One of our Underground University (UU) students recently had a simple, yet profound insight that many Christians, more seasoned than her have not yet fully understood. Let me set the stage of our class last Saturday.
We had been studying the books of 1 & 2 Corinthians as it related to persecution. Interestingly enough, the Corinthian church did not have the problem of persecution and suffering that other churches in the region had, or that even Paul himself had. They were a rather prosperous church that viewed Paul’s propensity for suffering as problematic. But it was their viewpoint that was in fact problematic!
They had very little use for Paul’s brand of Christianity – humble, weak and persecuted! So in the Corinthian letters, Paul tried to convince the church that weak Christianity is the best kind of Christianity, because it’s through our weakness that Christ’s strength is displayed!
To go about proving his weakness, Paul listed out all the ways that he suffered. He said,
Are they serving Christ? I am serving him even more. I’m out of my mind to talk like this! I have worked much harder. I have been in prison more often. I have suffered terrible beatings. Again and again I almost died. Five times the Jews gave me 39 strokes with a whip. Three times I was beaten with sticks. Once they tried to kill me by throwing stones at me. Three times I was shipwrecked. I spent a night and a day in the open sea. I have had to keep on the move. I have been in danger from rivers. I have been in danger from robbers. I have been in danger from people from my own country. I have been in danger from those who aren’t Jews. I have been in danger in the city, in the country, and at sea. I have been in danger from people who pretended they were believers. I have worked very hard. Often I have gone without sleep. I have been hungry and thirsty. Often I have gone without food. I have been cold and naked. Besides everything else, every day I am concerned about all the churches. It is a very heavy load. If anyone is weak, I feel weak. If anyone is led into sin, I burn on the inside. If I have to brag, I will brag about the things that show how weak I am. (2 Cor. 11:23-30)
Not even thinking much about it, I had our UU students read this passage and then write out the specific ways in which Paul suffered. After doing the assignment, one UU student said that all of us (NK defectors) have at least suffered in half of the same ways that the apostle Paul did.
When I heard that, I felt a little deflated. I realize that they probably didn’t need to learn or read about Paul’s sufferings, because they had all been through the same thing already. Maybe somehow, reading through Paul’s list brought back some of the pain that they had once experienced. They were certainly much more well-versed in suffering than I was.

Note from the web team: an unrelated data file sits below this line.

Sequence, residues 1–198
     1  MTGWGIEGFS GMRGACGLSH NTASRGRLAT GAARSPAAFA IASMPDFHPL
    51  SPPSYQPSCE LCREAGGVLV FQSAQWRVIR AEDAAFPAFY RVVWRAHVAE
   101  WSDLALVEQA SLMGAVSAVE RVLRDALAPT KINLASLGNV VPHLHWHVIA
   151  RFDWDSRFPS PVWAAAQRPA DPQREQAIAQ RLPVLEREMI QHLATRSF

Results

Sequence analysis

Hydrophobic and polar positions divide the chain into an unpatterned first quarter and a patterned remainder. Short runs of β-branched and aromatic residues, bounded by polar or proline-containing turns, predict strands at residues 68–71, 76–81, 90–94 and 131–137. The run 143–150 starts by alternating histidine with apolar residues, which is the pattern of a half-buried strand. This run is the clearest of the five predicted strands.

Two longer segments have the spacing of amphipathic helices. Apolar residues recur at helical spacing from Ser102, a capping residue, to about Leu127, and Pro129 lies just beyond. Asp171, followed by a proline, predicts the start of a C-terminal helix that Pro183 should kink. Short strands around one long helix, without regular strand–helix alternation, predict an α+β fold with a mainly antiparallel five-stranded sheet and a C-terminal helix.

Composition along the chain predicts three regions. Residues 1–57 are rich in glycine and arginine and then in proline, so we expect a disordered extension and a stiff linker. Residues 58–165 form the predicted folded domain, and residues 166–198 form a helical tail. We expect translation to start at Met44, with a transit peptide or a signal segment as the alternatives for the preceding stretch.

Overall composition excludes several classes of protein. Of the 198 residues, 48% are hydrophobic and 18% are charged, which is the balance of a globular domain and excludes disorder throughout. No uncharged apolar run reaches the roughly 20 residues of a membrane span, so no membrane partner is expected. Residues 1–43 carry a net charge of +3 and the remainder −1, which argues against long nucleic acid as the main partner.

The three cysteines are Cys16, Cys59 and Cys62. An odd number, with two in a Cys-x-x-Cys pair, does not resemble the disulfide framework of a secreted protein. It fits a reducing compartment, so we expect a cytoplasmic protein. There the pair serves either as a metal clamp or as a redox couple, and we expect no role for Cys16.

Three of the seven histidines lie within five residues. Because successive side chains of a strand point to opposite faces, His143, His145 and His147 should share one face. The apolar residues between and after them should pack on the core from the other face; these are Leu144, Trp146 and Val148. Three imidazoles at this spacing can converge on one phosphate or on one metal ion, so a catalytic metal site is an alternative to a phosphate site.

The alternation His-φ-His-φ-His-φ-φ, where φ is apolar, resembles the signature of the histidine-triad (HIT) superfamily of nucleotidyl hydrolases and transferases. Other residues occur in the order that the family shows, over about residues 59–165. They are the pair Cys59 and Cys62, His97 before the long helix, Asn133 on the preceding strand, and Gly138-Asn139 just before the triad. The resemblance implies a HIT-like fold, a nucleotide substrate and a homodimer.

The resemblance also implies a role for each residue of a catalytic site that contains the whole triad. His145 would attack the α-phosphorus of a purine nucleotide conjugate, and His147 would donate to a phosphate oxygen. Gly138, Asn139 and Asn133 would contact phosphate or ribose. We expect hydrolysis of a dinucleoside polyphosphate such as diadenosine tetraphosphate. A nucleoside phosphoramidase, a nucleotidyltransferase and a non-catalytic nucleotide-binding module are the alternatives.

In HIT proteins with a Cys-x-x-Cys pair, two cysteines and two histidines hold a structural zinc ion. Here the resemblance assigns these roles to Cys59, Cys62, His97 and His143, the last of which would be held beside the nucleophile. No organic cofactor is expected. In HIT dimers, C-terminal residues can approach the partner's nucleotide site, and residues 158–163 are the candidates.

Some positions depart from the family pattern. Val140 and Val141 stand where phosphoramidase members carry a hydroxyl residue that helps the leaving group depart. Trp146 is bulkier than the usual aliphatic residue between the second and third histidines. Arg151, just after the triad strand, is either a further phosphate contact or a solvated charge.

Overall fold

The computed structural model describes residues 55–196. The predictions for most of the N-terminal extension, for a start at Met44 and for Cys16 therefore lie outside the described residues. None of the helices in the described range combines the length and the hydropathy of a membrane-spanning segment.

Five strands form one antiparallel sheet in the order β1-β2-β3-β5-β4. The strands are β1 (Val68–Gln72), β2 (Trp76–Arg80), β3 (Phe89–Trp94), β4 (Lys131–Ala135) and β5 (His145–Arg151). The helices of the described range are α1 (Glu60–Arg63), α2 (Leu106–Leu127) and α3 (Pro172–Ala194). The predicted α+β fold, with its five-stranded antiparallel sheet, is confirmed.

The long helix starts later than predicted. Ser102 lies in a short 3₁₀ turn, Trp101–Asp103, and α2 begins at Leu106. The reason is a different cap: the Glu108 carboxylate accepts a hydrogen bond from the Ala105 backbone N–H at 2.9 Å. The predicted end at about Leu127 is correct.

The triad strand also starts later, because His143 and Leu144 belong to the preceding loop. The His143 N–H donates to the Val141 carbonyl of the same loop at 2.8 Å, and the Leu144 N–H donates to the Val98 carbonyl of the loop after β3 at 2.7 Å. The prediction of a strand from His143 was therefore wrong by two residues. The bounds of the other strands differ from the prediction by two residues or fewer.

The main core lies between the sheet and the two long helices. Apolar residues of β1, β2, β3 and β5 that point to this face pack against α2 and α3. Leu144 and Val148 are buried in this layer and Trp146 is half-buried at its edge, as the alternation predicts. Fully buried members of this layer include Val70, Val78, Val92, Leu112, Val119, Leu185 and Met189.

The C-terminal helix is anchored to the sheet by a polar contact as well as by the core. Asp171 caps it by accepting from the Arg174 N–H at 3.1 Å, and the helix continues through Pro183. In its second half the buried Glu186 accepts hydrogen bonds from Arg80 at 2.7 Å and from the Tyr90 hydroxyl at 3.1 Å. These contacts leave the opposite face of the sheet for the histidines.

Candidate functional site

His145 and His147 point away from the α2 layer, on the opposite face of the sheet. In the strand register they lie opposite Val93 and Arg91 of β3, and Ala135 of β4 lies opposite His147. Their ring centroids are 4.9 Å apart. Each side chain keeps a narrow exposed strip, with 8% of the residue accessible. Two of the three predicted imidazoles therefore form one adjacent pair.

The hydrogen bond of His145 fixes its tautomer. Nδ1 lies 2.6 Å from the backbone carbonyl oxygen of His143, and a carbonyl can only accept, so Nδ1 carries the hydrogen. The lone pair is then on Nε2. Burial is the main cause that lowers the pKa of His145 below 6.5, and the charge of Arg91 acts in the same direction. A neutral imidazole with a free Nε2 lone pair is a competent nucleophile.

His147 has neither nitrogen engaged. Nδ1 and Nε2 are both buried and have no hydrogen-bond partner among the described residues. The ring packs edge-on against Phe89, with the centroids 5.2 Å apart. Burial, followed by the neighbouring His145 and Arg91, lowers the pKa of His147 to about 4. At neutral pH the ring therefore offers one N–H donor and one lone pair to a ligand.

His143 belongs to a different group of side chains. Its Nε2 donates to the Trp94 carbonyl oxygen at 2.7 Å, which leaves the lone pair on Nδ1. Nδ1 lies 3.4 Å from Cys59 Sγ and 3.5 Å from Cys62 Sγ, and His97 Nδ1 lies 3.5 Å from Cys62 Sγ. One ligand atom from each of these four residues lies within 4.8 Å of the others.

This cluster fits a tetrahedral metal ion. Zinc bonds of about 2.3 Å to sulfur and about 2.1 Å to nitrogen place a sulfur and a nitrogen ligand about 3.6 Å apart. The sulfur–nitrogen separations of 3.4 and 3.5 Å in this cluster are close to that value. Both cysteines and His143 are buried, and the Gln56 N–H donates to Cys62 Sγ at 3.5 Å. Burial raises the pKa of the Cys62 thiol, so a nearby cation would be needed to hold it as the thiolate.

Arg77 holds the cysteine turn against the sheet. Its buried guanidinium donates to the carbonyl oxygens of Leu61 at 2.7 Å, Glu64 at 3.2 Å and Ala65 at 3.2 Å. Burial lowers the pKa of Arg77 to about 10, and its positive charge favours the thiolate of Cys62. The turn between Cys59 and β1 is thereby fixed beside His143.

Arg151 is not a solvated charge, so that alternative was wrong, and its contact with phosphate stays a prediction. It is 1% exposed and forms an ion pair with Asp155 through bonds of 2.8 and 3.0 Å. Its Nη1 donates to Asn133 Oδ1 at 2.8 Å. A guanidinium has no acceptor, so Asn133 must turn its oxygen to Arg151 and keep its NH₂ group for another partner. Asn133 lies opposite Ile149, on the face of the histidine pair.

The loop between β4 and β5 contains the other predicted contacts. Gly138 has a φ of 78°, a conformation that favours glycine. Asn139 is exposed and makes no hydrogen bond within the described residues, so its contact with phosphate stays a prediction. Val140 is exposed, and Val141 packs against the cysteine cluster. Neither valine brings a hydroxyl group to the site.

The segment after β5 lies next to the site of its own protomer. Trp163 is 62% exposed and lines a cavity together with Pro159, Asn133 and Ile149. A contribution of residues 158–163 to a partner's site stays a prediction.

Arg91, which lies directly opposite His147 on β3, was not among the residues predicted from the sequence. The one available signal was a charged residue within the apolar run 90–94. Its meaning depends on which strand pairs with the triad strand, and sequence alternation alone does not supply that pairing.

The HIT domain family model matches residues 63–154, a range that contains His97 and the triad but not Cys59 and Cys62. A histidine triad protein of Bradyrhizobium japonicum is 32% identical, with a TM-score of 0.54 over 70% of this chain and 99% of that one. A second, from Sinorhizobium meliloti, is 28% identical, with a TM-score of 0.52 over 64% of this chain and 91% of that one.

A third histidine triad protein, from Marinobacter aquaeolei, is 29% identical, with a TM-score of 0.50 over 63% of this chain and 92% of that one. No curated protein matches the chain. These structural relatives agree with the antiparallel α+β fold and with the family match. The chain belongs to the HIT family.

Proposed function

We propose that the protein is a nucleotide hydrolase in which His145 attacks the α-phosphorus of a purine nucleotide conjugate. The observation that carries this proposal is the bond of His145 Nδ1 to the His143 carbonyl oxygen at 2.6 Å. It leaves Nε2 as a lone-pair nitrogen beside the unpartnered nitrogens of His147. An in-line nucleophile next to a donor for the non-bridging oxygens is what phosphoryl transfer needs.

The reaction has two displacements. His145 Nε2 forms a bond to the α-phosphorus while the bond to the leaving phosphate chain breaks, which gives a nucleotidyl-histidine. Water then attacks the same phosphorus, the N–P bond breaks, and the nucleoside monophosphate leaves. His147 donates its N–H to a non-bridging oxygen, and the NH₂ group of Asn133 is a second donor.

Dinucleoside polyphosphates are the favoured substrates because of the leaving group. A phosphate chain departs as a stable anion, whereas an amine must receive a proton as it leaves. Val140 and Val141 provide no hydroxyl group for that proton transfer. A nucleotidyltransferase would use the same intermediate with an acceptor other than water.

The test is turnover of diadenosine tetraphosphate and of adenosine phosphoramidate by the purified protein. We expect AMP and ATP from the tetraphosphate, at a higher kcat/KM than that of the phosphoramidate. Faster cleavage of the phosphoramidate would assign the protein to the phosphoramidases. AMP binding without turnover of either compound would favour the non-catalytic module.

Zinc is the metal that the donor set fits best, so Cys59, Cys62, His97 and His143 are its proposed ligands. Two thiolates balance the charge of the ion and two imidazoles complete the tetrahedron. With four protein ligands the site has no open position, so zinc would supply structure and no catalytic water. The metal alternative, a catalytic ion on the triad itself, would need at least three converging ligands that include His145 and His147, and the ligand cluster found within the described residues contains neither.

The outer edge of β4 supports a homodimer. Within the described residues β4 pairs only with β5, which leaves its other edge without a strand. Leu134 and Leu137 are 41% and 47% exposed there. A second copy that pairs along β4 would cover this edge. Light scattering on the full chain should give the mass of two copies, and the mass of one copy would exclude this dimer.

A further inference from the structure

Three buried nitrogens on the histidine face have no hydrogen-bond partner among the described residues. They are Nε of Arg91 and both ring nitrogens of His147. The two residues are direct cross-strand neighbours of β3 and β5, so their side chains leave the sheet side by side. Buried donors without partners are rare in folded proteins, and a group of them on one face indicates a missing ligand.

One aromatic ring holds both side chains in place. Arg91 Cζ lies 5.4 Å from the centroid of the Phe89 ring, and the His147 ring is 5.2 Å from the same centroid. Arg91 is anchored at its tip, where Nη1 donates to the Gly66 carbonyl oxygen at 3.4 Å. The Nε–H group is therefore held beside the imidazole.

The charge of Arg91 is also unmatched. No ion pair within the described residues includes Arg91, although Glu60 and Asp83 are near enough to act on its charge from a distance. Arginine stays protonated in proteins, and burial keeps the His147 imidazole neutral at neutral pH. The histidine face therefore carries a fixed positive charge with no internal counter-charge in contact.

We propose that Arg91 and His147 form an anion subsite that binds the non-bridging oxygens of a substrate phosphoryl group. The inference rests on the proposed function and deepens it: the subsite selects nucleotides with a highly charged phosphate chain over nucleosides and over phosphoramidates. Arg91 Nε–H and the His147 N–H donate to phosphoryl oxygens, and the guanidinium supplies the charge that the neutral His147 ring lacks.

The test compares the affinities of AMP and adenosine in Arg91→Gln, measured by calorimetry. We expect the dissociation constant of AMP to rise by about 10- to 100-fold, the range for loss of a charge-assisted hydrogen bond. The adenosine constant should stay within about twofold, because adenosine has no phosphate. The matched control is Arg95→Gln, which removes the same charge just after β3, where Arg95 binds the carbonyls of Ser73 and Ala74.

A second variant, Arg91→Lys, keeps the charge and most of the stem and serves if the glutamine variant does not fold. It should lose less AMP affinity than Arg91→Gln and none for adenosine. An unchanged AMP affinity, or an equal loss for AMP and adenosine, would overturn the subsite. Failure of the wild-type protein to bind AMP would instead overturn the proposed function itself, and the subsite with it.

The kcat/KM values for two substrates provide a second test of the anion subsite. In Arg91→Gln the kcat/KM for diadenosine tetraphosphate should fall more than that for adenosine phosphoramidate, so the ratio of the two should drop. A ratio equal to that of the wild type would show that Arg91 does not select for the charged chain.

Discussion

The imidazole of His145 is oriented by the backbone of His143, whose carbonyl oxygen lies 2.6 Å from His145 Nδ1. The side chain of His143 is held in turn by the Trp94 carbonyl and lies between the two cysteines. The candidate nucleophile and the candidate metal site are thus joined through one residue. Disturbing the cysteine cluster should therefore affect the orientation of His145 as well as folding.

But then one other UU student spoke up. She said,
Yes, but when we suffered these things, we were not Christians . . . we did not suffer these things for the cause of Christ.
They had suffered these things as ordinary NK citizens and as ordinary NK defectors, but not because they followed Christ. Most of our current UU students did not become Christians until the after they left NK.
What’s the big deal . . . suffering is suffering right? But in pointing out that they had “not suffered these things for the cause of Christ,” she pointed to a very important Scriptural distinction when it comes to suffering. We tend to group all suffering/difficulties together, but when the Bible speaks of suffering it is primarily talking about suffering for the sake of righteousness. The New Testament was written by suffering believers in God for other believers who were also suffering.
In other words, all human beings suffer in a general sense, but we tend to think that Christianity should provide some protection against suffering. Following Christ should bring some measure of strength, prosperity and immunity from suffering . . . at least that’s what the Corinthian church would say!
Paul tried to help the Corinthians understand that suffering wasn’t just a part of the human life, but it was a unique feature of Christian discipleship. If you were truly following the Lord, you would endure a “special kind” of persecution and suffering that only righteousness could bring. And Paul understood that this type of “weakness” brought about God’s strength in a way that couldn’t be experienced apart from suffering for the sake of righteousness. He said,
But he said to me, “My grace is sufficient for you, for my power is made perfect in weakness.” Therefore I will boast all the more gladly of my weaknesses, so that the power of Christ may rest upon me. (2 Cor. 12:9)